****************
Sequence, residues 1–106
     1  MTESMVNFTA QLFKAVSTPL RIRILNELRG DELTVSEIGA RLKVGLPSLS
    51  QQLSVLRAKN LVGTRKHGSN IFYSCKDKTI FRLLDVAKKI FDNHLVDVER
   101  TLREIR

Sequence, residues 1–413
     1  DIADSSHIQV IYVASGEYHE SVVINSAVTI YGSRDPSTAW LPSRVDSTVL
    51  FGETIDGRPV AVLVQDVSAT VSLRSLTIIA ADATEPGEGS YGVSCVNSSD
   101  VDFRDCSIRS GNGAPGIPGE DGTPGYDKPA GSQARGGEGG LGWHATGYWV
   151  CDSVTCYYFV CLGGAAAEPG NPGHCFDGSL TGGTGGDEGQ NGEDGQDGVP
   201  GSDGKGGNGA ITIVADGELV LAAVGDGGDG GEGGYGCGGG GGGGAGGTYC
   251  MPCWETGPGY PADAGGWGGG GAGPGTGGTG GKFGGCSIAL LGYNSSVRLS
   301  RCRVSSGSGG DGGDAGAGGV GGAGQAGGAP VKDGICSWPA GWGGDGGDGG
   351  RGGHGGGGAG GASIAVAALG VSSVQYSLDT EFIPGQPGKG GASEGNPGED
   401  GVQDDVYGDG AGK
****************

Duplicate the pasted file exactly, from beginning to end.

Sequence, residues 1–106
     1  MTESMVNFTA QLFKAVSTPL RIRILNELRG DELTVSEIGA RLKVGLPSLS
    51  QQLSVLRAKN LVGTRKHGSN IFYSCKDKTI FRLLDVAKKI FDNHLVDVER
   101  TLREIR

Sequence, residues 1–413
     1  DIADSSHIQV IYVASGEYHE SVVINSAVTI YGSRDPSTAW LPSRVDSTVL
    51  FGETIDGRPV AVLVQDVSAT VSLRSLTIIA ADATEPGEGS YGVSCVNSSD
   101  VDFRDCSIRS GNGAPGIPGE DGTPGYDKPA GSQARGGEGG LGWHATGYWV
   151  CDSVTCYYFV CLGGAAAEPG NPGHCFDGSL TGGTGGDEGQ NGEDGQDGVP
   201  GSDGKGGNGA ITIVADGELV LAAVGDGGDG GEGGYGCGGG GGGGAGGTYC
   251  MPCWETGPGY PADAGGWGGG GAGPGTGGTG GKFGGCSIAL LGYNSSVRLS
   301  RCRVSSGSGG DGGDAGAGGV GGAGQAGGAP VKDGICSWPA GWGGDGGDGG
   351  RGGHGGGGAG GASIAVAALG VSSVQYSLDT EFIPGQPGKG GASEGNPGED
   401  GVQDDVYGDG AGK